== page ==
An overwhelming number of animals perished in the destructive Mallacoota bushfires in Victoria. The 13 koalas currently recovering at Phillip Island Nature Parks are some of the lucky ones to survive. One of these battlers is Frankie, a subadult male who WWF-Australia has been following as he recovers during his journey back for release into the wild. Frankie was forced out of his habitat when the Australian bushfires of 2019-20 tore through his home in Mallacoota, leaving him wounded. With burns to his paw pads and singed ears, after intensive treatment, he was transported to Phillip Island Nature Parks. Today, we’re happy to be continuing Frankie’s story.
For some koalas, their mental and physical injuries after a traumatic event like a bushfire can be so severe they’re never really going to be fit to re-enter the wild, as they’d struggle to find food and survive on their own. This isn’t the case for Frankie who, with help from the incredible rangers at Phillip Island Nature Parks, is on the road to a full recovery. His injuries have healed, although the fur on his ears is still taking time to grow back, he’s put on a few kilos of weight and has been climbing high up into the treetops: improving his muscular strength. This exciting progress means he’s now ready to move to the next stage of rehabilitation.
It’s important to realise that koalas are wild animals so a vital part of their rehab process is training them to be wild again. They have to regain their strength and capacity to climb trees because they rely so heavily on this ability for sleeping and eating if they’re going to survive. Once their wounds are healed, koalas must learn to avoid human interaction as this is critical for returning to the wild. Frankie’s shown his capability to survive on his own and will soon be moving with six other koalas to a semi-wild facility. Thanks to donations from our generous supporters, WWF-Australia has been able to fund two of these state of the art rehabilitation facilities at Phillip Island Nature Parks. It’s exciting to see Frankie and his friends moving to the end of their journey where they can become wild koalas again.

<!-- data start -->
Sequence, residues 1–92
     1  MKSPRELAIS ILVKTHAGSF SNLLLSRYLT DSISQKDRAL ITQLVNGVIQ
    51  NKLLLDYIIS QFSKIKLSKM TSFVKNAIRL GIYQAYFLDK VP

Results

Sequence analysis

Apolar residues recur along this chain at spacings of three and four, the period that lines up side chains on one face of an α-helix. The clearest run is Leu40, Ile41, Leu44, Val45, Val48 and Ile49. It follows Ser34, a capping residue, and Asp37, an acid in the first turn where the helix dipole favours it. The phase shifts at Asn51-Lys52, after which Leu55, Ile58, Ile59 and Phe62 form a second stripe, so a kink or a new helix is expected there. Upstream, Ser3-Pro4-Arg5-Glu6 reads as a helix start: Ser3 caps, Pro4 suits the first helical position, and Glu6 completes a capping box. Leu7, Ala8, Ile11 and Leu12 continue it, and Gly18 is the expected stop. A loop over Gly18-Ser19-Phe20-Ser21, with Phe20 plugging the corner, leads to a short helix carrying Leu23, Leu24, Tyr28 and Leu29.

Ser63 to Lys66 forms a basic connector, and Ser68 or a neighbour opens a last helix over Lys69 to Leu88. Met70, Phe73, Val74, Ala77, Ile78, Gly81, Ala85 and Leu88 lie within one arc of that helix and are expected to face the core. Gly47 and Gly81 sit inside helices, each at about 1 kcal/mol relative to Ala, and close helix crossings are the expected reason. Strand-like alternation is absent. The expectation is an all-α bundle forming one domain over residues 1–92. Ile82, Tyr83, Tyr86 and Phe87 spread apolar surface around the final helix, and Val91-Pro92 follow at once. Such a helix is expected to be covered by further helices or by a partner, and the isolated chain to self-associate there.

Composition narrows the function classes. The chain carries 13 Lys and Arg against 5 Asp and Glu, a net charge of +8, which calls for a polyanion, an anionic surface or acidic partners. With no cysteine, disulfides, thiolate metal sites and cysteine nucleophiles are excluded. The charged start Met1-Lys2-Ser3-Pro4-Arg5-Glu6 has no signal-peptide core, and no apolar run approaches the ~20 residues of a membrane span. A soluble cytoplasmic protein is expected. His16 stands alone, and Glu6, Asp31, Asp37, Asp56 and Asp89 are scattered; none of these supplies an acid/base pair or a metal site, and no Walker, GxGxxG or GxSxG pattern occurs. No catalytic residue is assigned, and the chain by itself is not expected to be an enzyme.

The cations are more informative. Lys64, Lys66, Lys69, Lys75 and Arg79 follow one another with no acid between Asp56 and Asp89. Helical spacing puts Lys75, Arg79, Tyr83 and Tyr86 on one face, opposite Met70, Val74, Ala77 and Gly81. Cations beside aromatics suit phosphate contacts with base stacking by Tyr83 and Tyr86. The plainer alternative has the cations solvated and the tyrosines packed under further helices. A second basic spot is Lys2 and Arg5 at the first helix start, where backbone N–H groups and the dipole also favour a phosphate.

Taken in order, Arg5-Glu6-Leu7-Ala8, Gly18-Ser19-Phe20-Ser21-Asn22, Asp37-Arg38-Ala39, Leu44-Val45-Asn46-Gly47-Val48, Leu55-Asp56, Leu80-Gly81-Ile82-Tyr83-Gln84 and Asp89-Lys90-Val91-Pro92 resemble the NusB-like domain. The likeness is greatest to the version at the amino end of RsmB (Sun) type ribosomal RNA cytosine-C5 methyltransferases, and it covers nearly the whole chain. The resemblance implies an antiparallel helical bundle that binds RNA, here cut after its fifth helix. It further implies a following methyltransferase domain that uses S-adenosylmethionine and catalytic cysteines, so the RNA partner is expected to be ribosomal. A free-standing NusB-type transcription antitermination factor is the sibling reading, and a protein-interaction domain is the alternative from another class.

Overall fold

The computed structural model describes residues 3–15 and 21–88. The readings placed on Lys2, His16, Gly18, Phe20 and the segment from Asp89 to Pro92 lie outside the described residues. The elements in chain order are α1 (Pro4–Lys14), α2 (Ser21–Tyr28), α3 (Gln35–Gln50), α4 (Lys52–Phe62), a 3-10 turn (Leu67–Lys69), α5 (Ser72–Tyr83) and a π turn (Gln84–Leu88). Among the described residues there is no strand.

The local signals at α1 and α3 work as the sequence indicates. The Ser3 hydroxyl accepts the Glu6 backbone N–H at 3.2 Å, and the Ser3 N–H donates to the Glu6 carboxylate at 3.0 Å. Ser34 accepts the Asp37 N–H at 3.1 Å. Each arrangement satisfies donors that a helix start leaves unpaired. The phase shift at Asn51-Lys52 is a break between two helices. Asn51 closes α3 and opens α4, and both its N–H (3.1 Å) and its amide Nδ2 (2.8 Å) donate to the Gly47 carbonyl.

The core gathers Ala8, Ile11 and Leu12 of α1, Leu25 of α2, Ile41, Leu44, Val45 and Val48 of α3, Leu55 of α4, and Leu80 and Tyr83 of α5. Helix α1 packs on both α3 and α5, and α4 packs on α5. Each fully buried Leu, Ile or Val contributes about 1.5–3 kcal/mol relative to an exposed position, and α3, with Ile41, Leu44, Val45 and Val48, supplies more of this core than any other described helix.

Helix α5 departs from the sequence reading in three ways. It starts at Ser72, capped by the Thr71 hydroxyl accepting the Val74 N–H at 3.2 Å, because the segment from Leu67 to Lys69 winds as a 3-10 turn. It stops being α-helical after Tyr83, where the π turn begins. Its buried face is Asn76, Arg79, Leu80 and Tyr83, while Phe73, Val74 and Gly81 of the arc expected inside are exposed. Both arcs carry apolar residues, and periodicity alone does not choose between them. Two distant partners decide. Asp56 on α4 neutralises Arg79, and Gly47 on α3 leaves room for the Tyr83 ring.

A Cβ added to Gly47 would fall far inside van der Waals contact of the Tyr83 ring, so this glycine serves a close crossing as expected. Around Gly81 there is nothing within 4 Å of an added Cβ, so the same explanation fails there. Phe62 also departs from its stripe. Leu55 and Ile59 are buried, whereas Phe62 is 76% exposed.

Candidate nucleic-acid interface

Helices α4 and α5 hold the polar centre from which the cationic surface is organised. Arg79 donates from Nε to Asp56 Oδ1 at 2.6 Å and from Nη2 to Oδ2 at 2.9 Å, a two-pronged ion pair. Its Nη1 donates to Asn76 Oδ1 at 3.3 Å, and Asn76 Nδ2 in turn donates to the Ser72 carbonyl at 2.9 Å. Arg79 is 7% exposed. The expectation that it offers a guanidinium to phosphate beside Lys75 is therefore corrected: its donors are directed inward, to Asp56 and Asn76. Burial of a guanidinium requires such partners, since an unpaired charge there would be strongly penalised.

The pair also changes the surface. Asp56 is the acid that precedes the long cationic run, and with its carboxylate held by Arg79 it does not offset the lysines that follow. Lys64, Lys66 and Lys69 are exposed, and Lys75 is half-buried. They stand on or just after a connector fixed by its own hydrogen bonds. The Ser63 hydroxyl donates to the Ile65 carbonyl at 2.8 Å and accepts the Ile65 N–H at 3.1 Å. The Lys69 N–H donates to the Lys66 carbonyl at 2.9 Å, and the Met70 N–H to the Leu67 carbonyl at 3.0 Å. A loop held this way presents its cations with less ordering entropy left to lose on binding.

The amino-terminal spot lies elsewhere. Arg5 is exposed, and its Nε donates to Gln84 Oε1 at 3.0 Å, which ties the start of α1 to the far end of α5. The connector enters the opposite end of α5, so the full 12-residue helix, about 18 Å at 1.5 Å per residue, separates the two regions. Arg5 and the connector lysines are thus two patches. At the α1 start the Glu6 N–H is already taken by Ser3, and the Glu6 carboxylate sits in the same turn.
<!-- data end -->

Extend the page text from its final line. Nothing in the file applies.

Frankie’s rapid recovery wouldn’t have been possible without the wonderful rangers at Phillip Island Nature Parks. The rangers ensure the koalas have a stress-free environment where they're able to be away from humans and just be koalas. Each day they monitor Frankie and the other 12 koalas in their care. They monitor the koalas’ wounds as well as the amount of food eaten each day and night to check their recovery progress and what further care needs to be administered. Come spring, the rangers are hoping they can release Frankie back to his home in the Mallacoota region.
Though Frankie may be ready to return to the wild, the wild may not be ready for him. The Mallacoota area where he was found was severely damaged by the bushfires. New growth is developing, but it will take time for the eucalyptus trees to produce enough food and shelter to support the koala population, and especially a growing boy like Frankie.
Our native wildlife has been on the brink for decades. Unfortunately, even before Australia's 2019-20 bushfires, koalas have been facing other threats such as habitat clearing, car strikes, dog attacks, disease and dryer leaves to eat due to climate change.
Hopefully, moving into the future, we’ll have a network through which we can rescue more animals faster and get them the treatment and care they need to go back into the wild sooner. Protecting our natural habitat is vital, as is supporting the important work that organisations such as Phillip Island Nature Parks do. We need to future-proof now so that we're prepared for more emergencies later.
For more information on the work Phillip Island Nature Parks does visit: www.penguins.org.au
Last summer's fires saw the largest single loss of wildlife in modern history. Many struggling Australian species have now been pushed even further towards the brink of extinction. Donate today to help our precious wildlife and habitats recover from this disaster.